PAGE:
We are, of course, not authorized to inflict a monetary penalty on the Government in such circumstances.

Plaintiff also implies that our prior denial of the defendant's motion for summary judgment, based on the disability defense, resolved that issue in plaintiff's favor. The denial was of both plaintiff's and defendant's motions for summary judgment, and it was made by order without opinion. It was by no means a determination on the merits, but was intended to allow the facts to be developed by a trial before the merits were decided.

As an independent ground for recovery, plaintiff also asserts that the defendant committed a procedural error in failing to apprise him of his disability retirement rights prior to his discharge. That requirement is stated in Memorandum No. 10 of the Jackson, Mississippi, Director of Internal Revenue. Even if such a local directive were to be given the effect of a departmental regulation granting individual rights, we cannot see how this plaintiff was so injured by noncompliance as to give him a monetary claim. The retirement benefits which he could have received at the time of his discharge were far below the amount he obtained as compensation for total disability (finding 22(b)), and the two methods are mutually exclusive. 41 Stat. 614, 617, 5 U.S.C. § 2257(f). It was apparently for this reason that plaintiff changed his initial application for disability retirement to one for employee's compensation payments. Finding 22(a). Although we can assume, without deciding, that some procedural error was committed, there was no harm to the plaintiff.

One narrow avenue of pecuniary relief is open. Because of his wrongful discharge, plaintiff was unable to use about 600 hours of accumulated sick leave. Had he not been arbitrarily dismissed, he probably would have chosen to go on sick leave, for some 75 working days after August 26, 1954, at full pay rather than to receive total disability benefits which were approximately 75 percent of that amount. See 65 Stat. 679, 681, 5 U.S.C. § 2063(a), and 39 Stat. 742, 743, 5 U.S.C. § 758. The defendant asserts that plaintiff in fact elected disability compensation instead of sick leave pay. But a discharged employee is not entitled to a lump sum payment based on his accrued sick leave. Martilla v. United States, 118 Ct.Cl. 177, 182 (1950). Plaintiff applied for disability compensation instead of sick leave pay because he had no option. He was forced, wrongfully as we now know, to discard his right to the latter. He can therefore recover the additional amount he would have been paid had he been able to take advantage of his accumulated sick leave.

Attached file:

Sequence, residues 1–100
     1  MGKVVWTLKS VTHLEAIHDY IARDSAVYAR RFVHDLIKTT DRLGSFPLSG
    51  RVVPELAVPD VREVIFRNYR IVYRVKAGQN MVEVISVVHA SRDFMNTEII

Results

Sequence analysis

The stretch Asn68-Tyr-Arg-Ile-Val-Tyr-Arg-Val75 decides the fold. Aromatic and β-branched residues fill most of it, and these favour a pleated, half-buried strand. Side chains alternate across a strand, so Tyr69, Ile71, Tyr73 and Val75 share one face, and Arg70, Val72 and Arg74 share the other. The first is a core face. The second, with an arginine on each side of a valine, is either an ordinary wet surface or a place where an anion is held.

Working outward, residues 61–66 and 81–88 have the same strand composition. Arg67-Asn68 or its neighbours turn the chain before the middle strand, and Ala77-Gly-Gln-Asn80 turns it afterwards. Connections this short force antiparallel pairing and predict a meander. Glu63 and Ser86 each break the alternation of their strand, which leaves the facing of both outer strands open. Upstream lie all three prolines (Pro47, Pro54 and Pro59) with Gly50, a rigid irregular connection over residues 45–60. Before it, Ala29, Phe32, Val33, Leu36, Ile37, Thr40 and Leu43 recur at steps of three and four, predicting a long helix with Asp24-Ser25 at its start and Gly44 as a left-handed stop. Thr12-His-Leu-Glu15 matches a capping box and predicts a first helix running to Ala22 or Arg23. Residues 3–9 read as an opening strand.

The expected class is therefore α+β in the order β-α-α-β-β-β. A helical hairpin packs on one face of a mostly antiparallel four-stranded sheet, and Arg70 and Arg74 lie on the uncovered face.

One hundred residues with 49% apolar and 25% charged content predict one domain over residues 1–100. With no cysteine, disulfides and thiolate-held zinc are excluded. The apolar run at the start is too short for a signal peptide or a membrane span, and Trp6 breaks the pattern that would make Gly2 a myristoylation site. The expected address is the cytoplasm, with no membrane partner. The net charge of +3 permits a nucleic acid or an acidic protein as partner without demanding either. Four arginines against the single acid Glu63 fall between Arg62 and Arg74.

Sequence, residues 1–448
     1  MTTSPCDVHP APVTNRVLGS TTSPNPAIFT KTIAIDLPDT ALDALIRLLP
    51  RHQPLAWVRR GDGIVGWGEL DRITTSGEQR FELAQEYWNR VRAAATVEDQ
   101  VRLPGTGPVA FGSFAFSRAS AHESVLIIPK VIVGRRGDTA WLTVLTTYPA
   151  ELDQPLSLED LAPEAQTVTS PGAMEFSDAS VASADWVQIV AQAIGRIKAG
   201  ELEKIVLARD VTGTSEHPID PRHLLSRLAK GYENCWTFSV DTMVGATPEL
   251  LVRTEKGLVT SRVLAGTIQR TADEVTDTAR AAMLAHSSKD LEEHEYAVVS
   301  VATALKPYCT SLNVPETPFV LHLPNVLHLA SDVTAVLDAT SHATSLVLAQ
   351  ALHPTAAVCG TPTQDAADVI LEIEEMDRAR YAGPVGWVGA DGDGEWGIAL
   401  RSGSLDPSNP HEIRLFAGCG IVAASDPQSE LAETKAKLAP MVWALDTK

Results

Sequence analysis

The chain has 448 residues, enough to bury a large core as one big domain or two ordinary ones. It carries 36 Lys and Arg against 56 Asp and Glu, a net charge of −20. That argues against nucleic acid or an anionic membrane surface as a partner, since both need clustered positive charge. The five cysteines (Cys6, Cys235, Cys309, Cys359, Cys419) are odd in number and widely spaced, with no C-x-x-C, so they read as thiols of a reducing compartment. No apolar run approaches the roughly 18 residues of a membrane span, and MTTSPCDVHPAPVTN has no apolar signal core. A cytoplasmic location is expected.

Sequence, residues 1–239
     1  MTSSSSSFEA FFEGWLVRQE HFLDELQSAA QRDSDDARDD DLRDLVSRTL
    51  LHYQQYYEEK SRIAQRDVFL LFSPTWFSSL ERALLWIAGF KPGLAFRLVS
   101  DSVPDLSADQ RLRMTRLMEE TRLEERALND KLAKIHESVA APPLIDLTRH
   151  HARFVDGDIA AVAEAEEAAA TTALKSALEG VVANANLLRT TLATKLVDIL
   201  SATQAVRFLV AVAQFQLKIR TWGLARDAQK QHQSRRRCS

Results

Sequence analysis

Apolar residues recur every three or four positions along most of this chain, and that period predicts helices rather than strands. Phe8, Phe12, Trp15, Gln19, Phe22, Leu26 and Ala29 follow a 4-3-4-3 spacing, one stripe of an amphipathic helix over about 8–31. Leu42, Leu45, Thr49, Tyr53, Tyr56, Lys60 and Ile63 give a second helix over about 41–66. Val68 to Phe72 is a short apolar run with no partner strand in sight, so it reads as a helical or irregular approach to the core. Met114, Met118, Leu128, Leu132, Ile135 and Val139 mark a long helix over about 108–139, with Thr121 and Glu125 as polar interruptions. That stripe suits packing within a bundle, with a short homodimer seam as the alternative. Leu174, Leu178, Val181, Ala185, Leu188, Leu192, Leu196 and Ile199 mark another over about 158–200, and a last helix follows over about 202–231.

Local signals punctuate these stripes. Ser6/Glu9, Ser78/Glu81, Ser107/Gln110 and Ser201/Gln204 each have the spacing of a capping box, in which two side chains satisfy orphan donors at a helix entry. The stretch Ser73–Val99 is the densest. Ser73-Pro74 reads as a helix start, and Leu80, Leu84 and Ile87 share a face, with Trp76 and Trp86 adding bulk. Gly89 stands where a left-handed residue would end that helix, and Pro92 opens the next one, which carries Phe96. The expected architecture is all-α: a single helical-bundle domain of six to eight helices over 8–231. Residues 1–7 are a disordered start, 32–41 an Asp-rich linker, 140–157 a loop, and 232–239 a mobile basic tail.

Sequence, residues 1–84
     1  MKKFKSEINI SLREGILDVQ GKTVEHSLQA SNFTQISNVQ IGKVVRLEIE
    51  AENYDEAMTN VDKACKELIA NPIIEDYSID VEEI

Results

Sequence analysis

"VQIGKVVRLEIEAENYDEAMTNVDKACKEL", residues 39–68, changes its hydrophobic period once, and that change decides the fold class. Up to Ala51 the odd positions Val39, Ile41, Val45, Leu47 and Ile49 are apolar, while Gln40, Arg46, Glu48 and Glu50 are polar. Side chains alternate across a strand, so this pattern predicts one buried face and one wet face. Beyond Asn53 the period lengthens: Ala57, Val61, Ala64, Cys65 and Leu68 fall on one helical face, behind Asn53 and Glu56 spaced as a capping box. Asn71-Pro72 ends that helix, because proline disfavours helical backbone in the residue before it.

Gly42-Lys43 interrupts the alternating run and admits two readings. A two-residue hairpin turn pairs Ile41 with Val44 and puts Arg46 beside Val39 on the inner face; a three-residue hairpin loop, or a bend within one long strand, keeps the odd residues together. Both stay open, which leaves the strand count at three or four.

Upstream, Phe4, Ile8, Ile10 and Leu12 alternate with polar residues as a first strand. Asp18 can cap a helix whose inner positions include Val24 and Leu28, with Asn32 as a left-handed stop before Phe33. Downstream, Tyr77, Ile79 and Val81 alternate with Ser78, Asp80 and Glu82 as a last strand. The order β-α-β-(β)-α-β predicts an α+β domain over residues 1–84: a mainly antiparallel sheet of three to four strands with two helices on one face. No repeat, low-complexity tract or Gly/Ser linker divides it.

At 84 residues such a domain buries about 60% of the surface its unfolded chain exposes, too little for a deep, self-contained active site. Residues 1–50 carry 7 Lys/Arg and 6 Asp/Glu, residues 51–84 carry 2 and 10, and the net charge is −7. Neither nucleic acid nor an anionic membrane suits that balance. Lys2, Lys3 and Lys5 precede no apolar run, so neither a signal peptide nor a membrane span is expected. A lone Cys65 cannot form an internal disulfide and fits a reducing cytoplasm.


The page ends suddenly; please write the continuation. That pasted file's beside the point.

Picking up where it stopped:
Plaintiff is entitled to recover on account of his lost sick leave, in accordance with this opinion, and judgment is entered to that effect. The amount of recovery will be determined under Rule 47(c). Otherwise the petition is dismissed.

Summaries of

Everett v. United States

United States Court of Claims
Jan 22, 1965
340 F.2d 352 (Fed. Cir. 1965)
Case details for

Everett v. United States

Case Details

Full title:Joe B. EVERETT v. The UNITED STATES

Court:United States Court of Claims

Date published: Jan 22, 1965


340 F.2d 352 (Fed. Cir. 1965)
169 Ct. Cl. 11